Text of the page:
An evening of hilarious theatre is promised by the director of Arts Theatre Cronulla’s first play for 2020, Don’t Dress for Dinner. Originally staged in Paris where it ran for two years, the English version of this infidelity comedy adapted by Robin Hawdon ran in London for six years, opened on Broadway in 2012 and has since played in theatres all over America and the English-speaking world
Castle Hill Players begin their 2020 season with The Strange Case of Dr. Jekyll and Mr. Hyde, playing from January 31 to February 22. You may know the story but you’ve never experienced it like this! Noah Smith’s intimate adaptation of Robert Louis Stevenson’s classic blends drama and horror to create a unique, spine-chilling night of theatre.
Shakespeare may be turning in his grave, but this show (which has become a cult classic) contains all 37 of his plays – plus his sonnets - in just 97 minutes!
Described by the Los Angeles Herald as “Shakespeare written by Reader's Digest, acted by Monty Python and performed at the speed of the minute waltz”, thisbinge of Bard - coming to Sydney’s North Shore courtesy of Lane Cove Theatre Company - is part parody, part tribute, part party trick!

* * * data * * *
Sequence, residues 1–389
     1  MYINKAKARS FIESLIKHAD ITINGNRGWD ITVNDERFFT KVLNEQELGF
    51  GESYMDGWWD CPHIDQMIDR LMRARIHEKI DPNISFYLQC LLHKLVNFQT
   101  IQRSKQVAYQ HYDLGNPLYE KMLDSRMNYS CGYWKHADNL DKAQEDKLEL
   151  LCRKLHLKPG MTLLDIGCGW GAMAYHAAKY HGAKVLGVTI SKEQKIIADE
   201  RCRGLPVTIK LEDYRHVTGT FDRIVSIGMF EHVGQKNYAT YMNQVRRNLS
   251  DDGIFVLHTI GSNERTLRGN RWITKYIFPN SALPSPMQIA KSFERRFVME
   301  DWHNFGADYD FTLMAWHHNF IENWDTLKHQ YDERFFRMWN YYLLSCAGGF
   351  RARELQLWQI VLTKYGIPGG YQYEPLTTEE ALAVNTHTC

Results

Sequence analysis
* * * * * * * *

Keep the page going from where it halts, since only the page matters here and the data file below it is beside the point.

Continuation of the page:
Draculas Cabaret restaurant was the new venue to host the Gold Palm Theatre Awards formerly Gold Coast Area Theatre Awards) on Monday 2 December 2019.
It was the 11th presentation night of the award which covers not only the Gold Coast community theatre but also those in Ipswich, Toowoomba and Morton Bay. Hosted for the sixth time by musical theatre star Ian Stenlake it was night of celebration with musical acts drawn form the nominees.
Image: (L-R) Tony Sheldon (Guest of Honour), Kate Peters (Convenor), Ian Stenlake (Compere).
Who doesn't want to be a star? Stage Whispers spoke to Gillian Peterson, Di O'Ferrall, Christine Heard and Tim Foley - four loyal members of community theatre ensembles who are thrilled to bits to be part of the chorus.
Queensland Music Theatre
Retired Ballet Dancer
“I just love the whole excitement of being on stage. I can’t imagine life without it.
Musical Theatre in New Zealand is experiencing a ‘golden era’, with record attendances, profile and audition interest. The growth is not in professional theatre, but community theatres which ship professionally built sets and costumes around the country.
The musical theatre scene in New Zealand is a unique one, with the combined factors of a strong economy and some beautiful regional theatres, but a relatively small and geographically spread population.